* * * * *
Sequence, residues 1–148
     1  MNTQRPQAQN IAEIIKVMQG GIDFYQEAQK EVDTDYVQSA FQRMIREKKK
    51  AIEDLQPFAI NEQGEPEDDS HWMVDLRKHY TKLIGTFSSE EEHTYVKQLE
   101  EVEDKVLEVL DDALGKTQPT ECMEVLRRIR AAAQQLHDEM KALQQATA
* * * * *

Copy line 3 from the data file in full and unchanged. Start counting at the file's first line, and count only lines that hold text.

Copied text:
    51  AIEDLQPFAI NEQGEPEDDS HWMVDLRKHY TKLIGTFSSE EEHTYVKQLE